collegiate foundation. At the in-
troduction of the Reformed worship
into Scotland the 36 altars Avhich
the ch. then contained were removed,
and the statue of St. Giles was
carried off by a Protestant mob,
and thrown into the N. Loch.
Soon after, the ch. was pillaged
and "purified," the chancel being
alone restored for divine worship.
In 1572 the tower was fortified by
Kirkaldy of Grange, who held it
against the Regent. James VI. took
leave of the citizens of Edinburgh
in St, Giles's when about to depart
to ascend the English throne. He
promised to defend the Presbyterian
faith, and to pay his Scottish sub-
jects a visit every 3 years at furthest.
He went away, but re-established
Scottish episcopacy, and it was 14
years before he set foot in Scotland
agajn.

It was in the following reign, how-
ever, that St. Giles became the scene
of the most mornentous events con-
nected with the religious history of
Scotland. The bishopric of Edin-
burgh was re-established in 1634,
and St. Giles's Ch. became the
Cathedral of the diocese. From the
very pulpit whence Knox had thun-
ctered against popery, the new liturgy
prepared by Laud was being read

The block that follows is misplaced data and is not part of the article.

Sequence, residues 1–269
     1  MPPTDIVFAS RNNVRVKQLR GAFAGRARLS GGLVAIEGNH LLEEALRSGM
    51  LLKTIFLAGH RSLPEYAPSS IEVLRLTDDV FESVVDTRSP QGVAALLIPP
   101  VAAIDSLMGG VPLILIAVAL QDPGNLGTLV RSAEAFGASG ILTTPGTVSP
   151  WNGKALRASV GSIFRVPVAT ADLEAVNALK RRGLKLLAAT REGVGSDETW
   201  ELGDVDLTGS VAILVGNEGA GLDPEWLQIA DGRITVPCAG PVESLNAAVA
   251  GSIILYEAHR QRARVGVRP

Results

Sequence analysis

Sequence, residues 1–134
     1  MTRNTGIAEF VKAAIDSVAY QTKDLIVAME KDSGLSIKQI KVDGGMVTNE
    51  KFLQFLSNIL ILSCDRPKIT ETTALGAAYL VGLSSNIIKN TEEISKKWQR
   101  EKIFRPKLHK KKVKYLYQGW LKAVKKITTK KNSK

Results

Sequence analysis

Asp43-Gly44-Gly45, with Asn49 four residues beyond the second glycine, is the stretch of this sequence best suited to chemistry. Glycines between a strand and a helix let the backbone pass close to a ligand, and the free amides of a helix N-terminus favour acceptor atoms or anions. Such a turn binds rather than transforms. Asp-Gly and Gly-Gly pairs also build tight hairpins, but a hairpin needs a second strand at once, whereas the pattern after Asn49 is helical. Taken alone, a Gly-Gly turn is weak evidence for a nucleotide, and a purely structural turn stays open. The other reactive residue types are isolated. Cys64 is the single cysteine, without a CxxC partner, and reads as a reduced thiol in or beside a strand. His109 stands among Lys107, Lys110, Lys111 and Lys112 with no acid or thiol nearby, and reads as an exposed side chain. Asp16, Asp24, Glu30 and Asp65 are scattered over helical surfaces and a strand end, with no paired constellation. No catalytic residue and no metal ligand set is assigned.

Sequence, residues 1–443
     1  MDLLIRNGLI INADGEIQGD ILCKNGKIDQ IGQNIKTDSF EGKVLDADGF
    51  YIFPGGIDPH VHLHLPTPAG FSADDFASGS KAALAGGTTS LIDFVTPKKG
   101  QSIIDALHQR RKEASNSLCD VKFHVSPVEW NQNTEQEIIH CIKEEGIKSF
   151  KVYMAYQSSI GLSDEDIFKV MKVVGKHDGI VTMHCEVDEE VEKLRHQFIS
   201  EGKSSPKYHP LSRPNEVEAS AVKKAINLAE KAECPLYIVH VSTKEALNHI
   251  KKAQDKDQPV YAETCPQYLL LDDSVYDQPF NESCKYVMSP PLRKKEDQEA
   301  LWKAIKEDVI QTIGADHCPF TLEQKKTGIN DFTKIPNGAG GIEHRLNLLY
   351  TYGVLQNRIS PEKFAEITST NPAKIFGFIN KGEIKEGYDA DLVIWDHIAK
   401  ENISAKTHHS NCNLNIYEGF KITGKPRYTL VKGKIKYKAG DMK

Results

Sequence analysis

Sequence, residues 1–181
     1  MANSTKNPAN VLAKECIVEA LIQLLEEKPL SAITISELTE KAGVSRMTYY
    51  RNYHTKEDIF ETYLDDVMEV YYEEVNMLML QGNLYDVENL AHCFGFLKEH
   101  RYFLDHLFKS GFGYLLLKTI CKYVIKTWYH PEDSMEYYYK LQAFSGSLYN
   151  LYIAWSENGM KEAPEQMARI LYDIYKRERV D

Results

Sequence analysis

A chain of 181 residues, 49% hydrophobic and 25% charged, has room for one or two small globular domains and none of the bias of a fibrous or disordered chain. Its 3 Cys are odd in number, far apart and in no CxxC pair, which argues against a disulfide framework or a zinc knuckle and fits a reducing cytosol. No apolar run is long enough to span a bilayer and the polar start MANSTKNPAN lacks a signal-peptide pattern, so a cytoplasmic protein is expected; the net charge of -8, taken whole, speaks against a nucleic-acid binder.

for the first time by the Dean of
Edinburgh, July 1637, when Jenny
Geddes, incensed at the innovation,
took up the cutty-stool on which she
had been sitting, and threw it at
the head of Dean Hanna, the ofliciat-
ing minister. The stool is .still pre-
j served in the Antiquarian ]\Iuseum.
The Presbyterians divided the eh.
into 3 separate places of worship.
But the greatest alteration in the
appearance of St. Giles took place
in 1S28, when the part W. of the
central tower was nearly re-cased
by an architect thoroughly ignorant
of Gothic, and the whole sobered
down into a heavy, dull, and uninter-
esting uniformity. The fine E. win-
D



50



Route 4. — Edinburgh : Parliament House. Sect. L



dow, however, was copied from tlie
tracery of the original, and the choir
remains tolerably well preserved, a
specimen of Middle Pointed. It is
loftj'' and in a masculine style of
Gothic. The vaulted stone roof of
the E. choir, diagonally groined with
bosses at the intersections of ribs,
merits notice. This part of the ch.
was repaired and cleared of pews and
galleries 1S72 ; modern carved seats
being inserted for the Queen, Judges,
and Town-council, also a new pulpit
and reredos. The Preston chapel on
the S. side was erected by the citi-
zens in gratitude to Sir \Ym. P., for
presenting them with an anu-bone
of St. Giles, 1454!

In the crypt, beneath the S. tran-
sept (shortly to be opened out), lie
the remains of two illustrious Scotch-
men, the Marquis of Montrose, whose
scattered and mangled remains were
collected and interred here, 1661,